Gambian people own the dogs seen roaming the streets,
and they are generally poorly treated (or simply ignored)
because touching them is seen by
Muslims as an unclean act.
Cats are similar as they are rarely kept as pets, gangs
of them can be seen hanging around the various hotels,
begging for food. It is unwise to pet stray dogs and
unfamiliar cats due to the risk of rabies, not to mention
the more likely risk of contracting a disease like ringworm.
An interesting fact about cats is that their local name,
"muus" also means wise.
Beach dogs have an insecure life in The Gambia. While
the tourist season lasts they are put up with around
most of the ocean side bars and get a little water,
food and maybe worming medication from anxious tourists.
central feeding point for cats is at the Kombo Beach
Hotel called the Cat Cafe. Some of these people sometimes
contact a charity called GambiCats which has been in
working in The Gambia since 1998. They organise humane
neutering or vet treatment for these stray animals and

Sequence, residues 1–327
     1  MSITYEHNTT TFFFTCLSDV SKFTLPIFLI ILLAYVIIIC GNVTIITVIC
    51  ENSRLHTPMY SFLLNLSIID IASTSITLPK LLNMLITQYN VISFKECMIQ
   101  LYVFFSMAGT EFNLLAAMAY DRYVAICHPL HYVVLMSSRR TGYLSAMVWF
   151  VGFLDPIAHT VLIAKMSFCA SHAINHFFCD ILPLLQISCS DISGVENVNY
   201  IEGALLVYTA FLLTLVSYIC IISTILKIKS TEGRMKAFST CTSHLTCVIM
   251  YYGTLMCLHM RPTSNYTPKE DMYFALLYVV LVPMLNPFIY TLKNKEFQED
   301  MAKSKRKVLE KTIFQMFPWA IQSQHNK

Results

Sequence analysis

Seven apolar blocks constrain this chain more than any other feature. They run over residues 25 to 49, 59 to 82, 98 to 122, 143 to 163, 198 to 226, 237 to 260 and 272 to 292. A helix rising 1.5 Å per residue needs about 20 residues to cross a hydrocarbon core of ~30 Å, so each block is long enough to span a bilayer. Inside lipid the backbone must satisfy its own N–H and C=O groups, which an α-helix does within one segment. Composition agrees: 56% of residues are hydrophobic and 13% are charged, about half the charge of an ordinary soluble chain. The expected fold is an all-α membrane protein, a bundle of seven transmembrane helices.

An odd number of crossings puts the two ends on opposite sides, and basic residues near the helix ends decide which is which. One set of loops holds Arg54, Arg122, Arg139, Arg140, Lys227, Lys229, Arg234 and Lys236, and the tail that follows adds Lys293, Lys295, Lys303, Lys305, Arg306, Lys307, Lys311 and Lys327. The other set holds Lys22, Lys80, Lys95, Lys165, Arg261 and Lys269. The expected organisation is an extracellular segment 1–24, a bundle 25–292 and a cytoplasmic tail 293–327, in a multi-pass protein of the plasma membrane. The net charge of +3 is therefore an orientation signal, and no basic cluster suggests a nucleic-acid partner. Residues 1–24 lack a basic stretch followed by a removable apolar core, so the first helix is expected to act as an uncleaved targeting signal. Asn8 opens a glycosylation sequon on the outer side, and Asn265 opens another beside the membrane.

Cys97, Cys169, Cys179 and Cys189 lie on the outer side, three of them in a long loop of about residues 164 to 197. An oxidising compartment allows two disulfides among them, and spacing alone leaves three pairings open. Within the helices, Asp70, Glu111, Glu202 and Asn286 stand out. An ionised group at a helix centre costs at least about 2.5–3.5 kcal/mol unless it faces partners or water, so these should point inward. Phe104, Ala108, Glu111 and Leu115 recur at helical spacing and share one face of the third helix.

are concerned about improving their general welfare.
Off-season however, the local treatment of dogs is very
different. The animals drift away from the beach as
there are no longer easy pickings. However, cats tend
to fair a little better as most houses tolerate feral
cats whom which leftovers from lunch are frequently
fed to. This is often dictated by the Islamic custom
which says that one should never throw away food.
local practice is not to neuter cats and doges but to
leave them to wonder freely while being subjected to
occasional stoning, poisoning, becoming victims of road
kill, bad health and starvation.
The government department who care charged with controlling
the numbers of dogs and cats is the Abuko based Livestock
Services Departments or DLS for short.
Another notable organisation in animal welfare is the
Association for the Welfare of Animals in The Gambia
(AWAG). It was established in 1999 as a registered animal
charity whose aims are threefold.
(1) To promote better quality of care for animals and
to alleviate suffering where necessary by providing
veterinary assistance and through local education programmes.
(2) To raise official awareness about the plight of
animals and their local environment.
(3) To participate in the improvement of better legislation
and assisting in its local enforcement.